Other known bearing seals are often designed for a specific application, such as the bearing seal disclosed in U.S. Pat. Nos. 3,700,297; 2,077,881 and 2,830,858. These and other known bearings are not easily adapted for use with wide range of bearings. Any attempt to utilize these seals with other bearings would, in general, undesirably require bearing manufacturers to modify construction of their bearings to conform with a particular seal. To be successful in the marketplace, a bearing seal must be easily adapted to a wide range of bearings without requiring any changes in the design or manufacture of the bearings themselves.
It is an object of the present invention to provide a seal which is comprised of a homogeneous material. It is another object of the present invention to provide a bearing seal capable only of in-plane, radial deformation that provides strain-free assembly and compensation for thermal expansion and contraction. It is another object of the present invention to provide for a bearing seal which is compatible with existing bearing designs.
According to the present invention, a seal for transversely sealing a volume interior to an element surface includes a seal body of a select thickness formed from a rigid or stiff material. The seal body has opposed major surfaces with a minor surface transverse thereto. The seal body minor surface is adapted to receive the element surface at an interface formed therein. Also included is a compensatory apparatus formed in the seal body for providing dynamic contractive and expansive displacement of a first portion of said seal body relative to the remainder thereof in a direction substantially parallel to said major surfaces in order to compensate for dimensional differences between the seal body and the element.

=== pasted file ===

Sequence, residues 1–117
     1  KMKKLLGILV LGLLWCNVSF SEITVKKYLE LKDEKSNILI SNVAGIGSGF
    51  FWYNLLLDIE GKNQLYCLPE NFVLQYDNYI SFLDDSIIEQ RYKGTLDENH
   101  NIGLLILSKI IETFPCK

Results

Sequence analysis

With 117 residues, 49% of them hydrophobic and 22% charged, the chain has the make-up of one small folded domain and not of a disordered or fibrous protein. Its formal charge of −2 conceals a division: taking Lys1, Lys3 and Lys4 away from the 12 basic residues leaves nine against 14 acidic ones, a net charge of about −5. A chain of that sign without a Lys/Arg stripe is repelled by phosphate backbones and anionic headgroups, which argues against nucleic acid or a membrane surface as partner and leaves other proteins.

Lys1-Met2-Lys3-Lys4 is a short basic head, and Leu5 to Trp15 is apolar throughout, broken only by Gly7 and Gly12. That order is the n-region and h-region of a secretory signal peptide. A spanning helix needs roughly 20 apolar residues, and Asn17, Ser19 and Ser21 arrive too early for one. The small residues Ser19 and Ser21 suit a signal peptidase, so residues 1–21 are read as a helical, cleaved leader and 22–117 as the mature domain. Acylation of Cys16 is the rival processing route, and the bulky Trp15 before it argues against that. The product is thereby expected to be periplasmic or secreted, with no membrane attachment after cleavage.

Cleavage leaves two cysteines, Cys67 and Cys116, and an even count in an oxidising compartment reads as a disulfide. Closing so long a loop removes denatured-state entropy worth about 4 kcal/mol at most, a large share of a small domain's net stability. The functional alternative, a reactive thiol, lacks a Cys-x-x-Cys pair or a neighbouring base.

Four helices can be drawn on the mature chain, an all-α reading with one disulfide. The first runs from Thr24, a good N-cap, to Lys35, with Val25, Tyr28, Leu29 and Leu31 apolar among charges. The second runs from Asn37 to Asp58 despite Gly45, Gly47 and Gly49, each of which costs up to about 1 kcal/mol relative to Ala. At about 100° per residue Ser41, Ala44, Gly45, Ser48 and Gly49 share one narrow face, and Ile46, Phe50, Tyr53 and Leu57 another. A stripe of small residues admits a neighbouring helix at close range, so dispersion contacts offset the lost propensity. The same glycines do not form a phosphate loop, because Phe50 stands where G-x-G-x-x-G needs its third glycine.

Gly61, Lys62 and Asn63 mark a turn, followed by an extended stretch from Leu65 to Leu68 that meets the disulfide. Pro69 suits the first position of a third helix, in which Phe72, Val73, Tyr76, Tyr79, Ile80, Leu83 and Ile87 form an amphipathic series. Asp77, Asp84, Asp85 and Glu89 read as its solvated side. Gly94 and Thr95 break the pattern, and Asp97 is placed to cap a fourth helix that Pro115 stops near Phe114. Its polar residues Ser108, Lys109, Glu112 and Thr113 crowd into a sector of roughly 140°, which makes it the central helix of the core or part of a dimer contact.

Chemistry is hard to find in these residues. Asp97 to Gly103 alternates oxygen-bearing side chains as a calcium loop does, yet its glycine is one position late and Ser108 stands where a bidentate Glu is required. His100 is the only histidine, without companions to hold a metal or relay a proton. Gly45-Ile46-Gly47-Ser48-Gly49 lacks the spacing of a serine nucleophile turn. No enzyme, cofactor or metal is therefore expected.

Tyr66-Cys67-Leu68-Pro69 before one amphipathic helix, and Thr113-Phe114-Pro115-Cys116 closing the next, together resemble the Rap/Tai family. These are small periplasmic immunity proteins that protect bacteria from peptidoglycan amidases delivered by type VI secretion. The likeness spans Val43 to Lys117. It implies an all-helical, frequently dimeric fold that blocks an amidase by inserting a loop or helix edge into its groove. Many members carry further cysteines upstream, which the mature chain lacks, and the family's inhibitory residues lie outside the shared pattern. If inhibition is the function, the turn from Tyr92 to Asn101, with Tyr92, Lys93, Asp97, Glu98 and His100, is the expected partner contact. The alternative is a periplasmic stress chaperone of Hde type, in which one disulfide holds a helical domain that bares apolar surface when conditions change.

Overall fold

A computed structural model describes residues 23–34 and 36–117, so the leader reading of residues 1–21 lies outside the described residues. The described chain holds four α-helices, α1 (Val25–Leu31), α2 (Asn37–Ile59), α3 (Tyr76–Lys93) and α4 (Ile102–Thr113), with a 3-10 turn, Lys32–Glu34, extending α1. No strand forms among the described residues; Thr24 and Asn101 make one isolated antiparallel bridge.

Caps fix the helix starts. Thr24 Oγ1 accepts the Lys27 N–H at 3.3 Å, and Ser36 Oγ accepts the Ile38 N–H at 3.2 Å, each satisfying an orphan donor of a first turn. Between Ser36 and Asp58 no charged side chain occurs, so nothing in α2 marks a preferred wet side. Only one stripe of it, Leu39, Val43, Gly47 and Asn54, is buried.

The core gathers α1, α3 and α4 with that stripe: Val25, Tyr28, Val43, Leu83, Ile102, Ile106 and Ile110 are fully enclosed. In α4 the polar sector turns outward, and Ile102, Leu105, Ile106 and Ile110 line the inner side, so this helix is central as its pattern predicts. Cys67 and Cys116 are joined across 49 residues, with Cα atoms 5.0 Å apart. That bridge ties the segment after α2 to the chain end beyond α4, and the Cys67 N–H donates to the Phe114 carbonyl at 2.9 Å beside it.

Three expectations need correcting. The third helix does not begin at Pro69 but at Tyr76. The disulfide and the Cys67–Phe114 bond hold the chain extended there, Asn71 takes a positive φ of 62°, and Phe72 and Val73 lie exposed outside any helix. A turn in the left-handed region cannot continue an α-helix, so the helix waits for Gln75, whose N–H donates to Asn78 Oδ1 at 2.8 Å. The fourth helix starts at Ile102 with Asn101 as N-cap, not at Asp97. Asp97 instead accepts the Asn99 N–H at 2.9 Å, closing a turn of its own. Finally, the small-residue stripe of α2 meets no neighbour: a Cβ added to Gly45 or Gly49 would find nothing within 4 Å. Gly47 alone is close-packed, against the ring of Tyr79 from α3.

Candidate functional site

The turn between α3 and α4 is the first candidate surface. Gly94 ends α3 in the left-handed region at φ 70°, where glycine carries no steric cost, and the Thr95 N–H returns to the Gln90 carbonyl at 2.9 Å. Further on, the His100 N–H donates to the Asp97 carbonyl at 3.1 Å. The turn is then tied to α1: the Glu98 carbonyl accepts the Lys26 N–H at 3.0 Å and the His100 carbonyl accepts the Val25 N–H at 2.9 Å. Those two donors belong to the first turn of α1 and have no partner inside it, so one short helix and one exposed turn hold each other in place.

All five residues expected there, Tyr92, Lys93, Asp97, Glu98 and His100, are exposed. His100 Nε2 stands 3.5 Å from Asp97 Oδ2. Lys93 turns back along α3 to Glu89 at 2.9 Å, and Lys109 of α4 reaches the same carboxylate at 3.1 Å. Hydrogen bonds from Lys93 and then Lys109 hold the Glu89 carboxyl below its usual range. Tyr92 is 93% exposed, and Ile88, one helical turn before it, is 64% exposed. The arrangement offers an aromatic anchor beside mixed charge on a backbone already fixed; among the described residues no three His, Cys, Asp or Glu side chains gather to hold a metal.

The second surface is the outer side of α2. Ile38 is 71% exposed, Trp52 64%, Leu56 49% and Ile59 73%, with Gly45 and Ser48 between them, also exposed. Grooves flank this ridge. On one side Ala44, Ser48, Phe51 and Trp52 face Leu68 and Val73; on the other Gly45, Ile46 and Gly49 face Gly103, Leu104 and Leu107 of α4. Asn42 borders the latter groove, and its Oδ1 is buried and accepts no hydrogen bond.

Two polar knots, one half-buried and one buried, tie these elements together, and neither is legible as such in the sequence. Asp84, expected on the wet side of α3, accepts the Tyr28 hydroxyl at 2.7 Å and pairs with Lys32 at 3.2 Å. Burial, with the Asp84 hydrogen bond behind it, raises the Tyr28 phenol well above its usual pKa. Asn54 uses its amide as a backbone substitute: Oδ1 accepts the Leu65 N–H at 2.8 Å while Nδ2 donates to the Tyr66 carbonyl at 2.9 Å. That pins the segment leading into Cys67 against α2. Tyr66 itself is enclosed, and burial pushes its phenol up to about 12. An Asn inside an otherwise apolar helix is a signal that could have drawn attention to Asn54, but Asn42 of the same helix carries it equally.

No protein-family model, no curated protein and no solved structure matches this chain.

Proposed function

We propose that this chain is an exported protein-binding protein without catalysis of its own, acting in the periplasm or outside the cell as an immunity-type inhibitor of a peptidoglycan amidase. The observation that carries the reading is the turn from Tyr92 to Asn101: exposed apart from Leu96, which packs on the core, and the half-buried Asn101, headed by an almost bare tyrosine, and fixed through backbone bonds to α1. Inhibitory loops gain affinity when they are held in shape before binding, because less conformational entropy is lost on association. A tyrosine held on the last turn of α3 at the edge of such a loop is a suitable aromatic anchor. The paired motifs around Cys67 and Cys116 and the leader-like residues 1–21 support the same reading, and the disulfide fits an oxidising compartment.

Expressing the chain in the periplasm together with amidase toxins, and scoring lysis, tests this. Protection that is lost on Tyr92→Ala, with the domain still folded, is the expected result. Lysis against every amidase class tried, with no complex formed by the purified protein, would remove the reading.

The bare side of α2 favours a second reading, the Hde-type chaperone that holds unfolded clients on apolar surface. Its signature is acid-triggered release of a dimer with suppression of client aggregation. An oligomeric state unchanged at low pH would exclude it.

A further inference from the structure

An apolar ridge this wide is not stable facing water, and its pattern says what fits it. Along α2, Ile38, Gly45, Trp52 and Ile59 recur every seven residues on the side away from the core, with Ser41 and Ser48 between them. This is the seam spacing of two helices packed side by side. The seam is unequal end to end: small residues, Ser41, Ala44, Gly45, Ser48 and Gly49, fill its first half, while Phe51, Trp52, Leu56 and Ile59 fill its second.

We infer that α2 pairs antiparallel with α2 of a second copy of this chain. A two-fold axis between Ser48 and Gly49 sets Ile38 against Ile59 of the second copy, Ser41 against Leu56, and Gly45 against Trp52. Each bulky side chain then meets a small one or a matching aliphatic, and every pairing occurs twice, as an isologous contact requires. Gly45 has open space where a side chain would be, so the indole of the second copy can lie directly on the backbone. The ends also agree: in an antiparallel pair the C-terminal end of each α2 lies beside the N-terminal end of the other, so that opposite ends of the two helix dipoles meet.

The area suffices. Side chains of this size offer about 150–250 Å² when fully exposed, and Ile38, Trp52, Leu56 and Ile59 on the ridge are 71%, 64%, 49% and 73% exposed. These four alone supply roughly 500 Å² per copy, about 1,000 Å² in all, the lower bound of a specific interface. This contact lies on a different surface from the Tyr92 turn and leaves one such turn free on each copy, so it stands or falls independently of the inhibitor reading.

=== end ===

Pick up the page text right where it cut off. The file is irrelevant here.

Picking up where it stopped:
According to another aspect of the present invention, a seal for sealing a cylindrical bearing that has an inner race with a land and outer race with a groove comprises a annular seal body that has opposed major surfaces formed from homogeneous material of a selected thickness. A seal body interface is formed at the outer and inner seal body peripheries and is adapted to receive the outer race groove and inner race land, respectively. A first compensatory hinge set is also included, and comprises first and second annular hinges formed in the seal body displaced one from another. The first hinge has a recess extending into the seal body opening toward the first major surface and the second hinge has a recess extending into the seal body opening toward the second major surface. The dimensional compensation hinge set provides dynamic displacement of a first portion of the seal body relative to the remainder in a direction substantially parallel to the major surfaces to compensate for dimensional differences between the seal body and the bearing races.
FIG. 1 is a perspective illustration of a bearing having a seal provided according to the present invention.
FIG. 2 shows, in section, a portion of the bearing of FIG. 1 detailing the bearing seal.
FIG. 3 is a sectional illustration of the outer portion of the seal of FIGS. 1 and 2.
FIG. 4 is a sectional view of a portion of a bearing with an alternative embodiment of the bearing seal of FIG. 2.
Referring now to FIG. 1 there is illustrated, in perspective, a ball bearing 10 having a seal 12 provided according to the present invention. The bearing illustrated in the preferred embodiment is a conventional radial ball bearing. Alternatively, the bearing 10 could comprise a roller, needle, linear or other type of bearing which is characterized by a transverse seal for keeping out dirt and moisture while maintaining an internal lubricant.
The bearing 10 includes an outer race 14 concentric with an inner race 16. The cylindrical inner and outer races are terminated in end faces 18 and 20, respectively, which are substantially coplanar and perpendicular to a longitudinal axis 22 of the bearing. The seal 12 is also generally planar. Typically, the outer and inner races are comprised of steel or other metal. Portions of the outer race 14 and seal 12 have been removed from the illustration to reveal a plurality of balls such as balls, 24, 26 and 28. As is conventional, the inner surface 30 of outer race 14 and outer surface 32 of inner race 16 are formed with registered channels to position the balls. As detailed hereinafter with respect to FIG. 2, the seal 12 abuts a land on the inner race and, is received in an outer race groove when assembled with the bearing.